LaDon Reynolds

Oak Park may soon be in need of not only a new village manager but a new police chief as well. Chief LaDon Reynolds is in line to become U.S. Marshal of the Northern District of Illinois.

“It’s a distinguished honor to even be thought of but at this time, my focus continues to be the with Oak Park Police Department and the citizens of Oak Park,” Reynolds said.

Reynolds’ nomination was given to the Biden administration by U.S. Sens. Dick Durbin (D-IL), majority whip, and Tammy Duckworth (D-IL), according to a June 23 press release from Durbin’s office. Wednesday Journal has reached out to the offices of Durbin and Duckworth, for comment.

As it is just the beginning of the process, Reynolds did not have much to share regarding the nomination. He is also unclear as to how long the process will take.

Given Reynolds’ law enforcement experience, Village President Vicki Scaman told Wednesday Journal she wasn’t surprised that he is up for U.S. Marshal.

“We would definitely miss him if that opportunity comes to fruition,” Scaman said.

She said she has not yet had a chance to discuss the possibility of Reynolds leaving with village staff nor did she know whether the recommendation was merely a formality necessary to carry out before officially naming Reynolds U.S Marshal.

“It is my understanding that it is not a done deal,” Scaman said.

Regardless, the village president called the opportunity “amazing” and “an honor.”

The United States Marshal Service is the United States’ oldest federal law enforcement agency, formed during the presidency of George Washington through the Judiciary Act of 1789. Some of the duties required of U.S. Marshals include protection for the federal judiciary, as well as operating the U.S. Federal Witness Protection Agency. U.S. Marshals are also tasked with executing federal arrest warrants, among other responsibilities.

Reynolds has served on the Oak Park police force since 1994. After rising through the ranks of sergeant, commander, deputy chief and even interim chief, he became chief in 2018. He also serves on the Illinois Law Enforcement Training and Standards Board, as well as the Illinois Commission on Discrimination and Hate Crimes. Reynolds has also taught criminal justice classes as an adjunct professor at Triton College and MacCormac College.

Should he be named U.S. Marshal, that would leave the village without a police chief or soon a village manager. Village Manager Cara Pavlicek will depart in August to assume the role of village manager of Northbrook. The village board only has the power to hire or remove the village manager. It does not have the power to name a new police chief. That responsibility belongs to the village manager. However, the village board and the community will have the opportunity to provide input into the decision, according to Scaman.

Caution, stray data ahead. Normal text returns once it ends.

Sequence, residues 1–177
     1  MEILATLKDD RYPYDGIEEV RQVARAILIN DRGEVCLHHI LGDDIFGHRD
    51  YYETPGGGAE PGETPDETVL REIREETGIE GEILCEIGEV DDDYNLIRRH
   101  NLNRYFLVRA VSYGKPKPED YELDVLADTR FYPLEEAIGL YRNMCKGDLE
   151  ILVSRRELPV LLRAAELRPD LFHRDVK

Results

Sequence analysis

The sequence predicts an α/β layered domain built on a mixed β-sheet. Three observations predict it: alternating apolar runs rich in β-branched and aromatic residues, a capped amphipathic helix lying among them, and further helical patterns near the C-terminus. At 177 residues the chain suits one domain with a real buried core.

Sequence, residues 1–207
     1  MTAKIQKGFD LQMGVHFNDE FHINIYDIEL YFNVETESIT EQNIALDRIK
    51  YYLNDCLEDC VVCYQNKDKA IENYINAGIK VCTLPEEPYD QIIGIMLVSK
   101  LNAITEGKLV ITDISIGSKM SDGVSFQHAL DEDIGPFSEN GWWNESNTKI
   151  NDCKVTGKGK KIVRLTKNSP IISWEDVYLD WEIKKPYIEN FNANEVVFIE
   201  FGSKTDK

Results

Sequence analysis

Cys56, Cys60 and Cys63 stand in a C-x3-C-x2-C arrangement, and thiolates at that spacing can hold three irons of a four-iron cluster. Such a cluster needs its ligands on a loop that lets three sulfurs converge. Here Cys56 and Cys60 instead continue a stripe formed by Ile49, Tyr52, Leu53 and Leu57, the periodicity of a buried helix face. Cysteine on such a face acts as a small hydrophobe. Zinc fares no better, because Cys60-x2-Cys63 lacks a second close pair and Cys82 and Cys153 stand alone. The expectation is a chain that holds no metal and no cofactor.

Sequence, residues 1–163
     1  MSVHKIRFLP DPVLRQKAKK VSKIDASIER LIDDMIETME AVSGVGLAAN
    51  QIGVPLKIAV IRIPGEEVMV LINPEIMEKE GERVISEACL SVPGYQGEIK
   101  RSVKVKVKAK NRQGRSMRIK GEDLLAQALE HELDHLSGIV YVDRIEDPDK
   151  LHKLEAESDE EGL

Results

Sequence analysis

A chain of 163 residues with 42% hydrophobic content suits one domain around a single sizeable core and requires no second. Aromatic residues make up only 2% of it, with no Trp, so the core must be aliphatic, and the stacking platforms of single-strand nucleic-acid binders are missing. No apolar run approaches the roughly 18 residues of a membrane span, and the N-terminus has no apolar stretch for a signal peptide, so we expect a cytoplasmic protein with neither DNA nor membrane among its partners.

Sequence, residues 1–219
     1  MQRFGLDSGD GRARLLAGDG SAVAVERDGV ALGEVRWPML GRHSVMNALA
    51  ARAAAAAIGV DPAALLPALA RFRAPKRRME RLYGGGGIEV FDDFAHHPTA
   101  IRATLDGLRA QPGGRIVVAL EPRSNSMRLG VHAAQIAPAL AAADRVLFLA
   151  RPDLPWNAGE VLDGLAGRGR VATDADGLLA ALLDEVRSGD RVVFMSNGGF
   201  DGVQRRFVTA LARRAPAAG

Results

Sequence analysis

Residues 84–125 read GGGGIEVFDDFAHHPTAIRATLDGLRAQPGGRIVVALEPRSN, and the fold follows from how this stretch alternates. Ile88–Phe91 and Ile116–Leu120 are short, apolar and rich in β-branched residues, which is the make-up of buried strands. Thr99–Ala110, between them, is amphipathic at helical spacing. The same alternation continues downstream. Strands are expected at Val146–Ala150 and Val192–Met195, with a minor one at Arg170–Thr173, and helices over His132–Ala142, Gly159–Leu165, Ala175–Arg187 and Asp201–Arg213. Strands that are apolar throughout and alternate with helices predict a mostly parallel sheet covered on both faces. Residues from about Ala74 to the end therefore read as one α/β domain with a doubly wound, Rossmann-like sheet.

Reynolds is one of several consecutive Oak Park police officers to become chief of the department. Scaman would like to see that trend continue should Reynolds step down as chief.

“Do I doubt that there isn’t someone in our own department that is ready for the leadership? No, I would not doubt that at all,” she said.

Scaman also said she would be very supportive of having a female law enforcement official named police chief. Shatonya Johnson currently serves as one of the department’s two deputy chiefs.

“I’m a big fan of women leadership,” Scaman said.

Reynolds’ name was among four names sent to Biden by Durbin and Duckworth for consideration of three U.S Marshal positions in the northern district, central district and southern district of Illinois. Durbin and Duckworth recommended that former Bloomington police chief Brendan Heffner continue serving as U.S. Marshal of the central district, a role he’s held since 2018. For the southern district, Durbin and Duckworth put forth Air Force veteran Brad Maxwell, who was appointed marshal of the district in 2018, and Deputy U.S. Marshal David Davis.

Durbin and Duckworth created three screening committees comprised of members of the Illinois legal and law enforcement communities to review potential candidates, whose professional records and qualifications were evaluated by the committees. The committees also conducted interviews with candidates and contacted references. The two senators interviewed the finalists, as well as reviewed their records and consulted with each other to determine whose names to send to the president.

Biden will submit nominations to the U.S. Senate. Each nomination will be reviewed by the Senate Judiciary Committee, which Durbin chairs. Following committee approval of each nomination, the U.S. Senate will vote on the nominee.

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